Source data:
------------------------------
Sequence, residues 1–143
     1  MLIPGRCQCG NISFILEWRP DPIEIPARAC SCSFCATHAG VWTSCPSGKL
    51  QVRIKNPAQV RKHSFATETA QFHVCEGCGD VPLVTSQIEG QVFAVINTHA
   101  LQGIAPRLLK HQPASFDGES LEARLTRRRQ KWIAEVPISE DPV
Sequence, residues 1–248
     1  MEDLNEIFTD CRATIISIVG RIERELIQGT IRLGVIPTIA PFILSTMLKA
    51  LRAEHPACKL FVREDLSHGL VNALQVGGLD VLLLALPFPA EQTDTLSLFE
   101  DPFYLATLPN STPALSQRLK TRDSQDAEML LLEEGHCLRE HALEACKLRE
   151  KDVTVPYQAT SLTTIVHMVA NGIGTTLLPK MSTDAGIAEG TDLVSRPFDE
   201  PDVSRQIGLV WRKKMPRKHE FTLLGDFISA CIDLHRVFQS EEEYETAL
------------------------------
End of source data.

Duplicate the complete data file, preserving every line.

Sequence, residues 1–143
     1  MLIPGRCQCG NISFILEWRP DPIEIPARAC SCSFCATHAG VWTSCPSGKL
    51  QVRIKNPAQV RKHSFATETA QFHVCEGCGD VPLVTSQIEG QVFAVINTHA
   101  LQGIAPRLLK HQPASFDGES LEARLTRRRQ KWIAEVPISE DPV
Sequence, residues 1–248
     1  MEDLNEIFTD CRATIISIVG RIERELIQGT IRLGVIPTIA PFILSTMLKA
    51  LRAEHPACKL FVREDLSHGL VNALQVGGLD VLLLALPFPA EQTDTLSLFE
   101  DPFYLATLPN STPALSQRLK TRDSQDAEML LLEEGHCLRE HALEACKLRE
   151  KDVTVPYQAT SLTTIVHMVA NGIGTTLLPK MSTDAGIAEG TDLVSRPFDE
   201  PDVSRQIGLV WRKKMPRKHE FTLLGDFISA CIDLHRVFQS EEEYETAL